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The Printing Revolution in Early Modern Europe

(Canto Classics)

3.73  ·  Rating details ·  348 ratings  ·  31 reviews
What difference did printing make? Although the importance of the advent of printing for the Western world has long been recognized, it was Elizabeth Eisenstein in her monumental, two-volume work, The Printing Press as an Agent of Change, who provided the first full-scale treatment of the subject. This illustrated and abridged edition provides a stimulating survey of the c ...more
Paperback, Abridged, 384 pages
Published September 12th 2005 by Cambridge University Press (first published 1983)
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In this autumn season I was at first inclined to see this book as a belligerent boxing squirrel keen to defend its gathered nuts against all comers, but then it struck me that it was more of a kangaroo, moving rapidly across the landscape, pausing to box and kick at rivals before bounding ever onwards.

This is an abridged version of Eisenstein's two volume The Printing Press as an agent of Change, the chief difference she tells us, is that the two volume version has the footnotes. Her story is th
Aug 02, 2009 rated it it was amazing
Really enjoyed this, and I see why it became a must-read for the digerati.

The book is fueled by the frustration that, on the one hand, historians say that printing led to immense changes in Europea's culture, and on the other hand, ignore the specifics of printing's impact in more detailed histories of the Reformation, later Renaissance, and scientific revolution.

What makes it so thought provoking is that she has a real sensibility to network effects (avant la lettre), understanding how books
Saggio imperdibile per chi vuole capire perché il Rinascimento ha preso piede e ancora ne parliamo, mentre le rinascite dei secoli precedenti sono finite nel cestino della carta straccia della Storia. E per chi ama i libri. È strano dirlo per un saggio storico, ma chi ama i libri non dovrebbe perdersi questo. C'è praticamente scritta la ragion d'essere dei libri (e dei lettori); non dal punto di vista sentimentale, che quello altri libri e non questo lo spiegano, ma dal punto di vista pratico.

Mar 26, 2008 rated it liked it
Recommends it for: people that want to bore other people at parties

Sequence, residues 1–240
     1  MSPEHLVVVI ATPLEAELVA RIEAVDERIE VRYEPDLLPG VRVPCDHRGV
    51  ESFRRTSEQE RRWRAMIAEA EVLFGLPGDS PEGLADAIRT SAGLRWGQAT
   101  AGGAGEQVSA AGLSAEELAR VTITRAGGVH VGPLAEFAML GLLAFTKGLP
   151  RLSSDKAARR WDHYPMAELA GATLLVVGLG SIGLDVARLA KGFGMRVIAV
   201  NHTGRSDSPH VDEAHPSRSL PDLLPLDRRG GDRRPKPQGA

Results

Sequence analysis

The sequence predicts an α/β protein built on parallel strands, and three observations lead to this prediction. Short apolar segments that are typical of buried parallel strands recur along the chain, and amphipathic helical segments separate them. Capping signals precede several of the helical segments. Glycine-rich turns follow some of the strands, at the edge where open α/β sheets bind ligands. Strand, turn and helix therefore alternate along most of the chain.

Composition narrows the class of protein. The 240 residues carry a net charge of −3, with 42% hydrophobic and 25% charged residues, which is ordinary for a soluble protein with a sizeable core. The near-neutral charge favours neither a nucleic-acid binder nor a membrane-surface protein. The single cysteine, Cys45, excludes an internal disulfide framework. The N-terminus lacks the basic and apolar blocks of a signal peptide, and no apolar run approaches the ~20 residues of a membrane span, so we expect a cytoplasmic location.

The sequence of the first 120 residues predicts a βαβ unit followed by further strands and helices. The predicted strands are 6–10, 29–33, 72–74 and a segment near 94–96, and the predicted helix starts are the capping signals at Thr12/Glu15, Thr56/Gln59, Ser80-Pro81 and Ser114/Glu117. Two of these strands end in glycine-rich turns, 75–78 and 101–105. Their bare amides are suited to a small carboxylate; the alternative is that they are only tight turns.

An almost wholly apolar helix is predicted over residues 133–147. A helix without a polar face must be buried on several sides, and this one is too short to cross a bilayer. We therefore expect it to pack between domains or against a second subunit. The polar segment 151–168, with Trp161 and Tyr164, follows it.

Eisenstein's primary thrust is that the invention of the printing press was a major, causal factor in the Reformation, the (later) Renaissance, and what would become the Western scientific tradition. The emphasis on causality has, ahem, caused her to come under fire from numerous angles, primarily because it seems to deemphasize the social/political/economic/cultural context of the period. I agree with this point, although concede that the invention certainly altered the landscape. Beyond her ma ...more
Kevin O'Brien
Mar 23, 2012 rated it it was amazing
Harry Truman once said "The only thing new in this world is the history you don't know." He was guided throughout his political career by the lessons of history, a subject in which he was very well read. And studying history shows us how much our current issues can be better understood by their antecedents. As Mark Twain said, "History doesn't repeat itself, but sometimes it rhymes." Why does any of this matter? Well, right now we are going through a revolution in media known as the Internet. Th ...more
Jan 17, 2014 rated it really liked it  ·  review of another edition
Shelves: nonfiction, history
This book is a fascinating look at the changes that took place in Europe because of the invention of the printing press. Eisenstein explores how printing -- assuring accurate copies that could be spread to anyone who desired one -- changed the entire society from medieval into the earliest version of our own modern age.

Instead of vanishingly scarce and locked away in monasteries and libraries (where a great fire, like at the library in Alexandria, could wipe out a measurable portion of world kn
I derived particular enjoyment from the afterword, in which Eisenstein went after everyone who reviewed her book and told her it was wrong. Ah, academic bitchslaps. v. enjoyable.

Anyway: argues that printing led to the formation of new ideas not because it encouragement the printing and therefore dissemination of those new ideas (it didn't, necessarily) but because it encouraged the wide diffusion of many older, competing ideas that fuelled curiosity and the desire to make sense of it all. Respon
Masatoshi Nishimura
Sep 20, 2020 rated it really liked it
Shelves: history
It has profound ideas: she states printing and reading culture promoted temporary isolation. That in turn made us start to see individual as discrete unit instead of groups. I guess that was the foreshadow of the European individualism in the following 5 centuries. Jeez. What a profound invention.

Also, she mentions Protestants are the ones who's made the first use of mass propaganda through printing press. Coupled with German nationalism (of 16h century equivalent), the invention of literary dev
May 06, 2017 rated it really liked it
Das Buch ist nicht für interessierte Laien als Einstiegswerk in die Geschichte des Buchdruckes geeignet. Man gewinnt die meisten Erkenntnisse erst, wenn man bereits Vorwissen hat. Idealerweise kennt man auch einige der am häufigsten zitierten Arbeiten.

Aber dann dringt das Buch in eine Tiefe der wissenschaftlichen Arbeit vor, die ihresgleichen sucht. Es ist dann definitiv ein Gewinn. Man gewinnt viele Sichtweisen und Informationen, die man so noch nicht hatte.

Freilich sind die für jeden verschied
Jul 13, 2017 rated it really liked it
The Printing Revolution in Modern Europe, Elizabeth Eisenstein (3.5)
While I found quite a few interesting points made in this book, it was quite difficult to read. As one should expect from an expert on books and printing, every word and sentence was pithy and meaningful, thus I lost a lot of comprehension if I started to skim. This is an abridged version of Ms. Eisenstein’s more detailed research on how printing affected life in the 15th century. After summarizing the initial changes, and intro